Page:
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TLAG's big concern

 


Twin Lakes Action Group (TLAG) has more on its plate than concerns about housing density on what has been Boulder County Parks and Open Space vacant land. With the county in talks to annex the land to the City of Boulder, TLAG is concerned that annexing county open space to the city will be the gateway to annexing other Gunbarrel neighborhoods, without those county residents’ consent.

These were the sentiments expressed by Jeff Cohen and Rolf Munson, both TLAG board members.

Cohen, an attorney in Gunbarrel, said the issue is, “The way the [City of Boulder] wants to annex the Twin Lakes development includes annexation through county open space. This is something we, as an organization, believe would be precedent- setting and somewhat concerning. In theory they could use that type of annexation to annex not only the south open space around certain HOAs, but even the north homes around open space.”

Cohen is talking about annexation by creating enclaves where city property surrounds unincorporated county land. Colorado State Statute 31-12-106 states, “When an unincorporated area has been entirely contained within the boundaries of a municipality for at least three years, the municipality may annex the property by ordinance without regard to the eligibility requirements in CRS 31-12-104, the limitations in CRS 31-12-105 or the hearing requirements of CRS 31-12-109.”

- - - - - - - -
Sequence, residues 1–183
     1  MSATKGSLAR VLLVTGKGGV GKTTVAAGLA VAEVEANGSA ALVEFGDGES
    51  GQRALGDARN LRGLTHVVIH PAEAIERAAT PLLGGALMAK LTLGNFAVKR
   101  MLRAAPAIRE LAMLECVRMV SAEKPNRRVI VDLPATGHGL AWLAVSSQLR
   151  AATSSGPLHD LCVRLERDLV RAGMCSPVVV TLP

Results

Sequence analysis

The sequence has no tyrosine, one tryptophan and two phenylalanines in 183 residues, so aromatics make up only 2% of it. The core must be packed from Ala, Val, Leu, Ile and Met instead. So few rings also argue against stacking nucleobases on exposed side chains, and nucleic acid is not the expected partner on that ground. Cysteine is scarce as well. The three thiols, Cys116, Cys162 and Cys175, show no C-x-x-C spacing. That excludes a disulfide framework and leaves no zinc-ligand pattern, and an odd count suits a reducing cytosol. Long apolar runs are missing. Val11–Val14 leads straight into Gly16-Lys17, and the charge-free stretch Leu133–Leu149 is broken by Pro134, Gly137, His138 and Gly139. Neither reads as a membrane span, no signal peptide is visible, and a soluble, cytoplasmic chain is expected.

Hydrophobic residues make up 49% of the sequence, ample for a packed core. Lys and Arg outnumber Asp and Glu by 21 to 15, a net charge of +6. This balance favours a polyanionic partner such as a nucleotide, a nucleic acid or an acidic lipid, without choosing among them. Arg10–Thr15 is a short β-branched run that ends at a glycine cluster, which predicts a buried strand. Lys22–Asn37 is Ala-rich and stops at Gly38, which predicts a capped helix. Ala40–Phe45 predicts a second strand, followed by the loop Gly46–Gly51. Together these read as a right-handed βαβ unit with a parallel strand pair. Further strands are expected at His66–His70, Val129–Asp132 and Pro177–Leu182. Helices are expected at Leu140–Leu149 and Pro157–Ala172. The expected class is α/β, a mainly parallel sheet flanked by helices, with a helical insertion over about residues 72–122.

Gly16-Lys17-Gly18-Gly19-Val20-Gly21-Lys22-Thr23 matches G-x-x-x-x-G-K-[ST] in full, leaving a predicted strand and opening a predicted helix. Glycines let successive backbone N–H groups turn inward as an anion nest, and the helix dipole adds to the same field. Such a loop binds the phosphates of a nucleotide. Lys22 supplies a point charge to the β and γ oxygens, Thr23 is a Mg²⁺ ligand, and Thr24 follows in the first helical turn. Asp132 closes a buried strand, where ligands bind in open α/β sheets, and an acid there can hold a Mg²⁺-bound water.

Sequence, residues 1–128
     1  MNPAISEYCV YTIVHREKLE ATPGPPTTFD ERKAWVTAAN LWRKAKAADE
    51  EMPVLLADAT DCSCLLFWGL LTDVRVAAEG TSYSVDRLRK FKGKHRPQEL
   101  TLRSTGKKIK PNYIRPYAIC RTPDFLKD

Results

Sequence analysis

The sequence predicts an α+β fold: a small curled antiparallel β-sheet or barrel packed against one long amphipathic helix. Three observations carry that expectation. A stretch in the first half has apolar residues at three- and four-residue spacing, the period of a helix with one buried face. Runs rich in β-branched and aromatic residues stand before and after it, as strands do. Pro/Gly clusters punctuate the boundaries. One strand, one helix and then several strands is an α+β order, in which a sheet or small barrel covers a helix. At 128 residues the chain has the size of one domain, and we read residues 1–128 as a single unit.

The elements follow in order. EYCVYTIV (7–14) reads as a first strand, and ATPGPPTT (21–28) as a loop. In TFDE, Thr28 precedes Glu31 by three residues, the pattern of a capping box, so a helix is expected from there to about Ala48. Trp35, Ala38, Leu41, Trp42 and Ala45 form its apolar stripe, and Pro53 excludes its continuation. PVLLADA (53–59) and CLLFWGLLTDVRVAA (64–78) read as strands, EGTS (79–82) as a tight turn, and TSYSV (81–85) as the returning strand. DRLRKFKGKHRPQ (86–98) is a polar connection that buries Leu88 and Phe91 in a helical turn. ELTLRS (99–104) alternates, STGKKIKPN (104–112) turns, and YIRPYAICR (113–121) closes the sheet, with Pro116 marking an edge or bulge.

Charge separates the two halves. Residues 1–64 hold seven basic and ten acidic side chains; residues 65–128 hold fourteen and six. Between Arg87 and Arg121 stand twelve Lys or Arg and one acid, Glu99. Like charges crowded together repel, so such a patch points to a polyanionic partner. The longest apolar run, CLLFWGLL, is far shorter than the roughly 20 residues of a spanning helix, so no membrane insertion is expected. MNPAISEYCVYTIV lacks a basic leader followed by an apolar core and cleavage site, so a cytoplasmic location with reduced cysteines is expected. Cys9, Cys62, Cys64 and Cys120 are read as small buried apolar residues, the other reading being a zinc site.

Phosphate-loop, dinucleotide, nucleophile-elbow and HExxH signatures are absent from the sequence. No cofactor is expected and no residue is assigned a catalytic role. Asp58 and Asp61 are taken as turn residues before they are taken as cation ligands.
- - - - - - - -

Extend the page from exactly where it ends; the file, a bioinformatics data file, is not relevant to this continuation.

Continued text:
Cohen and Munson also find it worrisome that the Boulder Valley Comprehensive Plan (BVCP) states, “The Gunbarrel Subcommunity is unique because the majority of residents live in the unincorporated area, and because of the shared jurisdiction for planning and service provision among the county, the city, the Gunbarrel Public Improvement District and other special districts. Although interest in voluntary annexation has been limited, the city and county continue to support the eventual annexation of Gunbarrel. If resident interest in annexation does occur in the future, the city and county will negotiate new terms of annexation with the residents.”

Cohen said under state law, “You have to meet the one-sixth contiguity requirement to annex county property into the city. Right now the Twin Lakes land, the north and south parcels, do not satisfy the one-sixth contiguity. To accomplish that, they have stated for the record, that they are going to annex county open space to the north of the property, as that is property next to a city subdivision.”

Munson stated that there have been facilitated talks between the Boulder Valley School District (BVSD), Boulder County Housing Authority (BCHA) and TLAG. BVST and BCHA own the two parcels under consideration for annexation.

Cohen said while the outcome is non-binding, “They have come up with possible alternatives all the way from open space to 12 [housing] units per acre.” After these talks wrap up, the Boulder city staff will make recommendations. A formal review will begin in August for both the city and county.

While the issues of annexation and the comp plan review are separate issues at the moment. Munson said, the real issue is if you want to change the zoning of an area from low density to high density mixed-use residential, the BVCP has to be changed first.

Munson feels the city wants to change the comp plan to get the zoning it wants. While the BVCP is a joint venture between Boulder County and the City of Boulder, Cohen said the annexation is 100 percent city-driven. Based on the decisions of how the BVCP is changed, the city can then go forward with annexation and development.